Double The Digits

Every now and then, a little change reminds me that I’ve been around awhile.  What’s that word I’m looking for?  Oh yeah.  Old.

I remember when a postage stamp was three cents.  Now it’s 44.  (I had to check.)

I remember when my mother gave me two quarters to buy her two packs of cigarettes.  (How strange does that sound now?) Now they cost, well, thank heaven I quit.

423063840_9ec11d3c37And I remember when we had to dial only five digits to make a local phone call. Our number was 20278.  TRinity 20278. I liked those prefixes.  It gave you an identity of sorts.  My grandparents were BEacon.  The family plumbing business was COmmonwealth 63613 (and still is, as I just discovered!).

And, of course, you actually had to dial.  You liked telephone numbers with lots of ones, twos and threes.  Quick to dial.  Nines and zeros seemingly took forever.  And the phones sat on a table or desk.  Not to be moved.  Heavy enough to be classified as a blunt object.

Then TR turned into 87, and the seven-digit dialing era was underway.  Then came area codes, which also provided an identity of sorts (who was happy to give up 203 for 860, huh?).

Saturday begins the era of 10-digit dialing, even to call your next-door neighbor.  The latest little change that reminds me that I’m…(sigh).

But that’s good.


About Gerry

I've been covering Connecticut news and sports since 1974. I know, I don't look that old.
This entry was posted in It's all about me, Living in the Past, Noticed and tagged . Bookmark the permalink.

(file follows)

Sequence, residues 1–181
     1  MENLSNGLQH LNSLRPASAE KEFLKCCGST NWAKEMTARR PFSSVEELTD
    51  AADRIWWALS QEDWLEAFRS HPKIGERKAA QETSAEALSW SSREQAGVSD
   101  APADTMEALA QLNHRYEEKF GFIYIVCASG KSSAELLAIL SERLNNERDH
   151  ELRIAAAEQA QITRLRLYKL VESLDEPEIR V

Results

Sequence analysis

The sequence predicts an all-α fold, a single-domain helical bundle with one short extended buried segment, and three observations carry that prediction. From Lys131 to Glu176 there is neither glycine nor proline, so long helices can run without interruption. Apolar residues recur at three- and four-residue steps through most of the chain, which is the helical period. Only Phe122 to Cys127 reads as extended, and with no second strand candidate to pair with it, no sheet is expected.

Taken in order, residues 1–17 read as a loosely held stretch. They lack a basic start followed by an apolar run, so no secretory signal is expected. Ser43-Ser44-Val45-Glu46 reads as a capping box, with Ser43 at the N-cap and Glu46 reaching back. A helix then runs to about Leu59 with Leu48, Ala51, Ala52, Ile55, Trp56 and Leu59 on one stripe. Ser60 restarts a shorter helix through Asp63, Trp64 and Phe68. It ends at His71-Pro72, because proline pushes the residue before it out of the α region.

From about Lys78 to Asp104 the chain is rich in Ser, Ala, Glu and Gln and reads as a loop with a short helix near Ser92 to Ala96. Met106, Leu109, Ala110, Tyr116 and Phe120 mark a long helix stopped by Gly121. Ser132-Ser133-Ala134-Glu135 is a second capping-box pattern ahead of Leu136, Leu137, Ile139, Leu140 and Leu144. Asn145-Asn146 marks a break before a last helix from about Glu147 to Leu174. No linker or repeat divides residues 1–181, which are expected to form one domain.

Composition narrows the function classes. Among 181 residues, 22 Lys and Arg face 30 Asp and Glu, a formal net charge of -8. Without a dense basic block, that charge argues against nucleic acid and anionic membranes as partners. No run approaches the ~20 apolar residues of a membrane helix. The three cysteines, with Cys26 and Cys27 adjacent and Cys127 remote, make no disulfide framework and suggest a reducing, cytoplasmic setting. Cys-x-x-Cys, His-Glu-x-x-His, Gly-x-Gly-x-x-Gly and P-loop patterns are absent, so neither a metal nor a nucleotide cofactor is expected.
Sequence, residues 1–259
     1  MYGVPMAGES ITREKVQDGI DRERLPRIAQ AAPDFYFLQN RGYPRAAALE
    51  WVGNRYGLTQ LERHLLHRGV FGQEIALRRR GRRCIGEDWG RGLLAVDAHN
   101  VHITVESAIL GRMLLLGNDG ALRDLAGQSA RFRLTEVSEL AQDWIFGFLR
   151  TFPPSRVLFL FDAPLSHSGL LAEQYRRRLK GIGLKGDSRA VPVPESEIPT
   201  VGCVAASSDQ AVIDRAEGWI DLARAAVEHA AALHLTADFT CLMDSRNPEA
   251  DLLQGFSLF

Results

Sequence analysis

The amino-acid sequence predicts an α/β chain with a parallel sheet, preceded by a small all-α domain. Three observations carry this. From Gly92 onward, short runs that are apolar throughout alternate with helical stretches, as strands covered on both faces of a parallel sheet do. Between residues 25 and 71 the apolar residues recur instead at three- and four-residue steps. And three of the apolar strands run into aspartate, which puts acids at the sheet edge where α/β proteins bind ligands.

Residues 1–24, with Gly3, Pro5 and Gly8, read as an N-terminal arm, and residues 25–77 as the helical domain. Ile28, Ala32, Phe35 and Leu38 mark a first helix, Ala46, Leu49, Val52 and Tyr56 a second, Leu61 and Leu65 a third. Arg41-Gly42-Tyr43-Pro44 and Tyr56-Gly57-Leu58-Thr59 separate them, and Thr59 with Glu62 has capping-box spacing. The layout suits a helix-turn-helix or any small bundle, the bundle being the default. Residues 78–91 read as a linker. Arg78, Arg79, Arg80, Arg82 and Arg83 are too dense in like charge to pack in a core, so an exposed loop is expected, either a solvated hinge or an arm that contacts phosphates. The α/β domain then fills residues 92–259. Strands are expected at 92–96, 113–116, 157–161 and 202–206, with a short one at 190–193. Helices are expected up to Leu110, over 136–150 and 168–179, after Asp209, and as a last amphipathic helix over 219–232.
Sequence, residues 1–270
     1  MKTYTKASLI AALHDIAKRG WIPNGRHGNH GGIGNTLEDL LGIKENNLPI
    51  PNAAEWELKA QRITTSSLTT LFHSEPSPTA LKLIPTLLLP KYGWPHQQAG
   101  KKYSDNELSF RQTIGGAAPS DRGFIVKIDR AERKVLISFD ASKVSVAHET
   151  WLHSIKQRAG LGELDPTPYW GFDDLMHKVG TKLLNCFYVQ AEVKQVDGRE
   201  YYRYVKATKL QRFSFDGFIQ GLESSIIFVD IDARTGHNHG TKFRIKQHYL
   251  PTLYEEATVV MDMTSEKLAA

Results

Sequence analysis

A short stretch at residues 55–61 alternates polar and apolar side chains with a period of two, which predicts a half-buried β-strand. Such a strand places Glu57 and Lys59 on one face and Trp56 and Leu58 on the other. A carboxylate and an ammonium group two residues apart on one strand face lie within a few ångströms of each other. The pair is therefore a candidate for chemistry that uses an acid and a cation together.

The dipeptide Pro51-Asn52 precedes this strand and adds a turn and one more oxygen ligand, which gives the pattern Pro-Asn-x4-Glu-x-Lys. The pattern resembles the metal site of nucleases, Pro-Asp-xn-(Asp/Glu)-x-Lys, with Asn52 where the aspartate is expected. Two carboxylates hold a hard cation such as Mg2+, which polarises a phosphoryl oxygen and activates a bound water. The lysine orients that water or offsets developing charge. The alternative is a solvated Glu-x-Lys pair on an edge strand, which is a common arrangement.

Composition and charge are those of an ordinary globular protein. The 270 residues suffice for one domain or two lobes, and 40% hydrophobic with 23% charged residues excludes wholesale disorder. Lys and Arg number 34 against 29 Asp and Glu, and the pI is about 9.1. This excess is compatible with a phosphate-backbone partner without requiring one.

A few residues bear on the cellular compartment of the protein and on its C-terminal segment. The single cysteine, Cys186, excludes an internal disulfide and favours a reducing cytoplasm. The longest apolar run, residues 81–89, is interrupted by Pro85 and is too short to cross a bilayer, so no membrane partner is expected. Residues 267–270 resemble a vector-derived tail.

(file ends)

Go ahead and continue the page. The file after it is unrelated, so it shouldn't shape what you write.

7 Responses to Double The Digits

  1. hendu says:

    not old, you are experienced.

  2. My old friend, the poet Thomas Lux. His father was a milkman. Got up real early and delivered the milk to the folks in our home town in western Massachusetts. Tom’s mother was a telephone operator. When I was a kid I’d pick up the phone and hear a voice:

    ” Number please.”

    Every now and then it would be Tom’s mother’s voice I would hear. Thinking back to those days, thinking about cell phones and I phones and such. Tom’s mother’s words are like poetry. Never learned by some, and forgotten by many.

  3. Rick D says:

    Gerry, Mine was riverview 99218. also we had the really fun “party lines”. Remember those?

  4. Cat Summers says:

    My folks still have a rotary dial phone in their home,
    What can I say…………… : (

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